In all of My medical treatments, morphine is the current choice for any issues of pancreas, liver and/or kidney pain. Demorol can cause severe complications from its toxic concentrations. Kidney failure is one. the above info appears to be in direct opposition to the body of the original article, "Provision of pain relief. In the past this was done preferentially with meperidine(Demerol), but it is now not thought to be superior to any narcotic analgesic. Indeed, given meperidine's generally poor analgesic charactersitics and its high potential for toxicity, it should not be used for the treatment of the pain of pancreatitis. The preferred analgesic is morphine for acute pancreatitis" aditional medications are given with morphine to prevent itching, vomitting & diarrhea. 1makala (talk) 05:15, 20 May 2009 (UTC)

The Causes paragraph only addresses acute pancreatitis, and does not address chronic pancreatitis, where alcohol use becomes a more prevalent cause. This section could use more balance, probably explicitly addressing different causes for acute vs. chronic, and adding a paragraph for chronic. —Preceding unsigned comment added by (talk) 11:31, 14 June 2009 (UTC)

Poor phrasing[edit]

Under "Complications" the article currently says Some or all of the lungs may collapse (atelectasis). I would suggest rephrasing that as One or both of the lungs may collapse... as I am unaware of anyone, other than transplantees, with three or more lungs! -- Arwel (talk) 23:54, 1 November 2007 (UTC)


I removed the section about Byetta being a "cause" of pancreatitis. My mother-in-law takes this and she asked her doctor about this. Pancreatitis can be caused by diabetes, since byetta is a popular diabetes drug, it makes sense that there would be cases of people taking the drug having this condition. Rather than spreading misinformation by listing this drug as a cause of this condition I've changed it to a more general warning. —Preceding unsigned comment added by (talk) 15:05, 25 August 2008 (UTC)

Best Imaging Modality for Pancreatitis?[edit]

It is mentioned that ultrasonography is an option for the imaging of pancreatitis. However, working in the field as a sonographer I know that even the best of us can only detect pancreatitis when imaging windows on a given subject are clear. Even then the numbers are not completely in our favor. My suggestion stands then that we edit the statement to say that ultrasonography may be helpful in the diagnosis of pancreatitis, however a CT scan and clinical correlation is the most common step taken. Anyone else have thoughts on this?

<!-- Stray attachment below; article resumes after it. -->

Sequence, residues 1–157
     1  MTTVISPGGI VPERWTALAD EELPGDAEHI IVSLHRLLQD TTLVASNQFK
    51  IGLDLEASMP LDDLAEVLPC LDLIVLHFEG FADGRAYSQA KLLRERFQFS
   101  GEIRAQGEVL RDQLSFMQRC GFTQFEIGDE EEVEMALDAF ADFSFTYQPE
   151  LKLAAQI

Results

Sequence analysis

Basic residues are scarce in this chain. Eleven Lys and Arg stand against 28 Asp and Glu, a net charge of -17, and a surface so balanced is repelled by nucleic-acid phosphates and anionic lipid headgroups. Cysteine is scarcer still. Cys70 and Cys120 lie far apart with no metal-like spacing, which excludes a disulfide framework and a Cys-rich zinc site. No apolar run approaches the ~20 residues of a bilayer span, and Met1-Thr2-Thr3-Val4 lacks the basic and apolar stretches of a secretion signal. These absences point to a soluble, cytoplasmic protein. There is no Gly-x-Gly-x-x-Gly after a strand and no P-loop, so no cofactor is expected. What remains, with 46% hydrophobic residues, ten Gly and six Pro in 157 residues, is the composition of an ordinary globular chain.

TheQueenEJ (talk) 15:38, 23 May 2010 (UTC)


Sorry, folks, but this article is quite a mess (especially the 'Causes' section). The headings were all messed up, so I tried to reorganise it a bit. There are plenty of repetitions and duplications & problem areas. I hope someone can re-edit the whole thing. I'll do what I can to help. --Dyuku (talk) 17:25, 25 June 2010 (UTC)

Here's a good model for the article,

Pancreatitis -- National Digestive Diseases Information Clearinghouse

The whole thing is split into 2 main sections: acute, and chronic pancreatitis. Obviously, there's no copyright. --Dyuku (talk) 18:16, 25 June 2010 (UTC) Treatment

The treatment of pancreatitis is supportive and depends on severity. Morphine generally is suitable for pain control. There is a claim that morphine may constrict the sphincter of Oddi, but this is controversial. There are no clinical studies to suggest that morphine can aggravate or cause pancreatitis or cholecystitis.[31] Just had a gallstone fall out of Oddi valve due to use of morphine. Should this not read use of morphine may relax Oddi valve sphincter which is how it regulates the addition of the relevant digestive juices? (Therefore extended use of morphine may be harmful). — Preceding unsigned comment added by (talk) 02:27, 25 June 2015 (UTC)

lifescript healthy solutions etc[edit]

What's with all the unrelated bracketed rubbish on this page? It looks like advertisements have slipped into this page, and someone should review and remove them if confirmed. — Preceding unsigned comment added by (talk) 05:45, 7 June 2011 (UTC) okay, i've removed the ones i could find, should be obvious and nondestructive.

Medicine Task Force Revamp[edit]

Will be reviewing this article over next few days, content suggestions/feedback appreciated Kallimachus (talk) 06:14, 29 September 2011 (UTC)